CSUN alumna in the running for People magazine’s Teacher of the Year
Walk into Genein Letford’s classroom at NEW Academy in Canoga Park on any given morning, and you may hear the unmistakable sounds of plastic recorders being played by a chorus of students.
Letford is the music educator and works in the gifted program at this kindergarten to fifth-grade charter school of about 500 students, located six miles southwest of the CSUN campus. Letford’s assignment at NEW Academy is her first full-time teaching job since graduating from CSUN with her teaching credential and master’s degree. She began at NEW Academy in 2005 as a third-grade teacher.
But even though NEW Academy is her first teaching job, Letford has already made an impact through her work with students. This is evidenced by the multiple accolades she has received from her peers, including the Great American Teacher Award in 2010, and the National Sontag Prize in Urban Education. Now, Letford has been nominated for the inaugural People magazine Teacher of the Year Award.
Early this summer, People invited their readers to nominate their favorite teachers by submitting an online application. Based on those applications, People magazine editors narrowed down the finalists to six. The public was then able to cast online votes for who they believe should win the Teacher of the Year award. Voting ended Sept. 6, and the final winner will be announced this Friday.
Other nominees include teachers from Arkansas, Washington, Bakersfield, and Tucson. Kaylie Gomez, Letford’s fellow CSUN alumna and a teacher at Wisdom Academy for Young Scientists in South Central Los Angeles, has also been nominated.
While teaching third-grade, Letford realized the importance of providing students with a music and arts education.
“I made sure that my third-graders knew how to play an instrument and read music,” Letford said. “That expanded to the whole third-grade. So I was a third-grade teacher doing that program with every other third-grade [class].”
Her new music program, Letford said, came at a time when her principal was in the process of revamping the school’s arts program.
“I took on the whole school and developed a program where music is the main focus, but we also bring in other disciplines as well,” Letford said.
For Letford, the music and arts program has taught her that each student progresses at his or her own unique level. And although some students, after leaving her classroom, may not pick up an instrument again, that is OK, she said.
“As long as they have that exposure, they have more opportunities to make a choice, whether this is something they want to pursue, or just something that they enjoy and then they’re going to move on to other things,” Letford said. “If you give them the foundation, the basics, they take it from there.”
Music and arts allows students to experience, for example, a story in many different ways, not just through text, Letford said. She likens not being able to experience something fully to watching a movie without a score.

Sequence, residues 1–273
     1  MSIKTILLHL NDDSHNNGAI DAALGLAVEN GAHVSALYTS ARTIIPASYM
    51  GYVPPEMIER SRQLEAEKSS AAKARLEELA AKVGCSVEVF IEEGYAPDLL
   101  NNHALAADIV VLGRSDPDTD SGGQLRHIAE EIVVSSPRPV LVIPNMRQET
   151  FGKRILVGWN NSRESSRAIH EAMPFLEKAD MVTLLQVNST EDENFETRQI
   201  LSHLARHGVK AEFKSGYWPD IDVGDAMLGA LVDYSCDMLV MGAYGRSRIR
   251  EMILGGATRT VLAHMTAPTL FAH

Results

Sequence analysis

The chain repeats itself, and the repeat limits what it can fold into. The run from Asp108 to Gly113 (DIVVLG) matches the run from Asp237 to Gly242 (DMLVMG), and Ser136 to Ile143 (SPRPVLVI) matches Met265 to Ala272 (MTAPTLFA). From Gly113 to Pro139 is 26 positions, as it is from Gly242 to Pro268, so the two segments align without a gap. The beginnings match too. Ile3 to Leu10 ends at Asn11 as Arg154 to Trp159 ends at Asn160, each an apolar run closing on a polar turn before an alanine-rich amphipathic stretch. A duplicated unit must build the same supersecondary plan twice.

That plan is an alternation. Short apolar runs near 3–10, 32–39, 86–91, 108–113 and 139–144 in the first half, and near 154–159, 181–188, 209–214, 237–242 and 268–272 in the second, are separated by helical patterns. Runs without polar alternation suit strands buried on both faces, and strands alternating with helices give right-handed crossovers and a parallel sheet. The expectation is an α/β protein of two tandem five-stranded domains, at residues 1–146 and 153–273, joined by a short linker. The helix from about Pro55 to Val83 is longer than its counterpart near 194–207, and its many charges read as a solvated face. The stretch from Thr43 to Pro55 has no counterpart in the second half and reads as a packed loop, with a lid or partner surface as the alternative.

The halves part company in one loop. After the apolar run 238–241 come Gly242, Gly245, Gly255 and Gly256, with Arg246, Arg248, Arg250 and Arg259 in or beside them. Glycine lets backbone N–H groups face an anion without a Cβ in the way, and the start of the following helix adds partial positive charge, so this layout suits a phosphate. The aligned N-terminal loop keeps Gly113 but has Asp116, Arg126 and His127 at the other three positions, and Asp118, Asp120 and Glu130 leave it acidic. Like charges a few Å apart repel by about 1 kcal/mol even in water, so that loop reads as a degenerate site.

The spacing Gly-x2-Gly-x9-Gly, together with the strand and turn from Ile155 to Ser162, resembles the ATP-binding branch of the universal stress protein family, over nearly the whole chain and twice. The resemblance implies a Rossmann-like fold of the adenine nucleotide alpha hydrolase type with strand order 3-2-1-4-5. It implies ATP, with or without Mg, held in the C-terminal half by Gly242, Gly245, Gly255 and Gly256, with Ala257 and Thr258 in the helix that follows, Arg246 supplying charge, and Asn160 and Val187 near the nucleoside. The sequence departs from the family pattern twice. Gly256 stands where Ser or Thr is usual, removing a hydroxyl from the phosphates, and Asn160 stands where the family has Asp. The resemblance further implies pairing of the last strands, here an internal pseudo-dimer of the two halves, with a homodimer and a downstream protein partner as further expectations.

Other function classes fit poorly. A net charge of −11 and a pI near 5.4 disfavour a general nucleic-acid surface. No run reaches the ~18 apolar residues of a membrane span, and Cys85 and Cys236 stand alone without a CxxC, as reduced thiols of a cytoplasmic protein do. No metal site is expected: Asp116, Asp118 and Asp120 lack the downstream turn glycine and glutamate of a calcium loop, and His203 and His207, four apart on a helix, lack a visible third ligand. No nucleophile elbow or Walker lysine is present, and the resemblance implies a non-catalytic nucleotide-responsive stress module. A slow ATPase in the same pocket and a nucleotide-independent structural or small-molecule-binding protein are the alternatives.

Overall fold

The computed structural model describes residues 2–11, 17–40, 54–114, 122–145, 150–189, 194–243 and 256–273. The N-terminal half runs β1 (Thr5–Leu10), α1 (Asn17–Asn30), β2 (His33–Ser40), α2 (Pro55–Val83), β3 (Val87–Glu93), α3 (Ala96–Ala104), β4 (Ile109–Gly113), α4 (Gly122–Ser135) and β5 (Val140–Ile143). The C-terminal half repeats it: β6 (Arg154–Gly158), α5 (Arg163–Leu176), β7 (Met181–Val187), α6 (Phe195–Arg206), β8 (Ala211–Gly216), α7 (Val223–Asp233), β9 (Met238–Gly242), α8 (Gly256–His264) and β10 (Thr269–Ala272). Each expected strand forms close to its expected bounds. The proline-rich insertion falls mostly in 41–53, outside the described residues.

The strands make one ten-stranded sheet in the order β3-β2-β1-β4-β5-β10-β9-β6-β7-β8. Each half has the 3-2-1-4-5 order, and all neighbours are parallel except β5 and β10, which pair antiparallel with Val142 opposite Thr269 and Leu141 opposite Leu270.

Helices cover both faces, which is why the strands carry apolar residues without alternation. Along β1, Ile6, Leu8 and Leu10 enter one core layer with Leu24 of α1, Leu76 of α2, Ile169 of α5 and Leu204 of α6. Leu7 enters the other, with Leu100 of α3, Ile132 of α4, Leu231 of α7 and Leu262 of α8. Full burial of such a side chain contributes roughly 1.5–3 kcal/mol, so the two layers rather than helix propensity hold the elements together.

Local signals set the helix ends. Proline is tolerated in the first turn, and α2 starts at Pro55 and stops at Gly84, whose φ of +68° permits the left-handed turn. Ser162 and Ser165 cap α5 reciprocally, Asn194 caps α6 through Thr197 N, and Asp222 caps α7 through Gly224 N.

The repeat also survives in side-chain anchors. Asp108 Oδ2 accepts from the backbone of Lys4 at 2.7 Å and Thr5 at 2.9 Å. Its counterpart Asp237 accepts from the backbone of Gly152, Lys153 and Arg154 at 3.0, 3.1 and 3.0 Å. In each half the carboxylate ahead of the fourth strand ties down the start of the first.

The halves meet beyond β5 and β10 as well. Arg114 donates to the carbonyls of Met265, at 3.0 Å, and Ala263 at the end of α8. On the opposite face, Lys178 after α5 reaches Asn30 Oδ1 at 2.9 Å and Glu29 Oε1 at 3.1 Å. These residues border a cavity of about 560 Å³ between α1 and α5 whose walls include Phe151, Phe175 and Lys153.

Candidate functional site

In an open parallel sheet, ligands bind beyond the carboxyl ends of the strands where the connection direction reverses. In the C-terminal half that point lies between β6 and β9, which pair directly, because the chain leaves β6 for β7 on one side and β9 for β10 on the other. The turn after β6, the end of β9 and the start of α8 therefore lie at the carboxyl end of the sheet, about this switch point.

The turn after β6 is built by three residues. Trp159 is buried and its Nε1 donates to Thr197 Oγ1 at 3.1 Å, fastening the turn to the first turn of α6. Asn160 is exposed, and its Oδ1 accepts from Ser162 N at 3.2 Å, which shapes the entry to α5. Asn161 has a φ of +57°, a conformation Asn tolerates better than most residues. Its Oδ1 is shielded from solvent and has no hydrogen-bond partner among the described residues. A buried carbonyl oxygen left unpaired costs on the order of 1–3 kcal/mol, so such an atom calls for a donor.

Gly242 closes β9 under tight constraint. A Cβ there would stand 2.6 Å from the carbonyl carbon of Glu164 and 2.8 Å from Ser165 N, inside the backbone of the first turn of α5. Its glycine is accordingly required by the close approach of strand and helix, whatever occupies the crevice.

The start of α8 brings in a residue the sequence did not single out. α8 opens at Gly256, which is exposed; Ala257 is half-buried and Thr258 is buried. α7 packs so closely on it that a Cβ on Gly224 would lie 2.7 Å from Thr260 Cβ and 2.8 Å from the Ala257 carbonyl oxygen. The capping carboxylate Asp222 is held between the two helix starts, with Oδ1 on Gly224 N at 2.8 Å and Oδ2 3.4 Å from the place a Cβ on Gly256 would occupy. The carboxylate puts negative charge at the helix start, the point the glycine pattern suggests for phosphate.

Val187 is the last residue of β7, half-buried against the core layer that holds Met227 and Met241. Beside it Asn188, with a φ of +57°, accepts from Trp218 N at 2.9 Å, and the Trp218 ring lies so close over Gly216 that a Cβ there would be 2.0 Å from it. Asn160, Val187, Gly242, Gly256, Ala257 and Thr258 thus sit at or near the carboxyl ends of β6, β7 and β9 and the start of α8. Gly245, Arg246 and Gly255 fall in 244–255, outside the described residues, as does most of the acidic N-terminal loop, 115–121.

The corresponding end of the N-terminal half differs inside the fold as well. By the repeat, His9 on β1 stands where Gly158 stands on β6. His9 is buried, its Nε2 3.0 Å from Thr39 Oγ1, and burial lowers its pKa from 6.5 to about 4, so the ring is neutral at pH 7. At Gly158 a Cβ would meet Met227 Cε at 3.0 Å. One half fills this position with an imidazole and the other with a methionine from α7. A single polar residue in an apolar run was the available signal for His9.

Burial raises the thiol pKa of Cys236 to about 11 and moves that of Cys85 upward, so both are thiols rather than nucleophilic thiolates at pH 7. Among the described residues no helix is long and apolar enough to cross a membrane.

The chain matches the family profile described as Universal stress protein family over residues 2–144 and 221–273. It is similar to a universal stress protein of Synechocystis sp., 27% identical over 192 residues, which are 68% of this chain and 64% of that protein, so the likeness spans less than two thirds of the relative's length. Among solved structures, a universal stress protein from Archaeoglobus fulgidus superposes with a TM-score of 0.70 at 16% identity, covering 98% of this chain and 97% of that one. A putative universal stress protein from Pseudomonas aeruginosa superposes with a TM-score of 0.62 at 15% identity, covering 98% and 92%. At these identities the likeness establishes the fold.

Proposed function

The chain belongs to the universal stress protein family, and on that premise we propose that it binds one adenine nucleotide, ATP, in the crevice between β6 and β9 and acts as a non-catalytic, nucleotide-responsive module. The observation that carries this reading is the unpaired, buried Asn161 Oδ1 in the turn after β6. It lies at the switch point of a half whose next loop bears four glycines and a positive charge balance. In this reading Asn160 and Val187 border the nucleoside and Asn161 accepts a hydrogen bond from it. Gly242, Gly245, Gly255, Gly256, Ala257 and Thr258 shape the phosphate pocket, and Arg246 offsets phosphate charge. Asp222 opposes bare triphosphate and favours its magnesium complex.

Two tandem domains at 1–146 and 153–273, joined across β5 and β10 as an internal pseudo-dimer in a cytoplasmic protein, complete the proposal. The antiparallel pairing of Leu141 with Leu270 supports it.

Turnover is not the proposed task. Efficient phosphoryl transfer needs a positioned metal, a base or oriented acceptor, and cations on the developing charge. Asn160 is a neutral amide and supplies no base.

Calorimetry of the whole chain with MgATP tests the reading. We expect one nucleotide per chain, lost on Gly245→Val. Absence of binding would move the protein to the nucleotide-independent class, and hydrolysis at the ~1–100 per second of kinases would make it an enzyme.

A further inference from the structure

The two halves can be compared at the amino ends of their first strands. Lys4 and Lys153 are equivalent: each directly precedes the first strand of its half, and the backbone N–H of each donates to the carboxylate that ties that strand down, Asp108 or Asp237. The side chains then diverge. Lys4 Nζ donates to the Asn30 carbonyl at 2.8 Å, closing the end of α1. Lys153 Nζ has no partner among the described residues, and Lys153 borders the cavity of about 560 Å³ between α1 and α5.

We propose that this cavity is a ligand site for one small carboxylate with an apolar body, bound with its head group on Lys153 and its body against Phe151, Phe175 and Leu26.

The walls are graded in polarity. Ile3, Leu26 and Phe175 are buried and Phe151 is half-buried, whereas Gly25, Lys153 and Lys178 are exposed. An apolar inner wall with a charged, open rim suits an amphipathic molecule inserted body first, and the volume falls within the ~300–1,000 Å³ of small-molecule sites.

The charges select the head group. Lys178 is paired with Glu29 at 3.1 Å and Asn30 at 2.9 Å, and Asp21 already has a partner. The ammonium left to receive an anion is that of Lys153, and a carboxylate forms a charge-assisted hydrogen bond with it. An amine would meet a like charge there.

“When children have an opportunity to have an interdisciplinary approach, that just makes them more expressive,” Letford said. “It provides just a deeper way of analyzing a concept.”
Letford’s inspiration for becoming a teacher comes from her mother, a fellow educator who, as Letford was growing up, used life experiences as teachable moments.
Letford remembers living in a single-parent home, going to school on a reduced-lunch program and being enrolled in the Individualized Education Program at her school for a speech impediment. Throughout these difficulties, not once did her mother allow her to develop a victim mentality Letford said.
“Sure, we don’t have a lot of money, but let’s do the things we can do,” Letford said, recalling her mother’s philosophy.
She recalls going on car trips with her mother “to see the world,” Letford said.
“She used that as a teachable moment, as well. Yes, I read about the Lincoln Memorial, but we actually drove there,” she said.
Letford would later take her mother’s philosophy a step further while applying for her first fellowship to research the life of Abraham Lincoln. Letford credits her mother for allowing her to become the woman she is today.
“I don’t think that would have been seeded had she not done that with me,” Letford said. “She used different experiences as a way to expand our thinking.”
Today, both mother and daughter experience a form of synergy. Both talk about what is going in their respective classrooms and feed off each other, Letford said.
Letford calls her mom a “crazy thinker,” in that she routinely thinks outside the box and is able to approach her lessons from different angles, allowing her students to become more engaged. Letford has found herself taking this approach as well in her own classroom.
She has also adopted her mother’s affinity for helping kids attend college, as evidenced by the many university pennants that adorn her classroom.
Letford takes to heart one piece of advice her mom gave her years ago and continues to follow today as a professional teacher: “Make sure what you’re passionate about is in your teaching as well,” Letford said. “We all have those things that we’re passionate about. For me, it’s travelling, so I make sure that I have lessons about travelling.”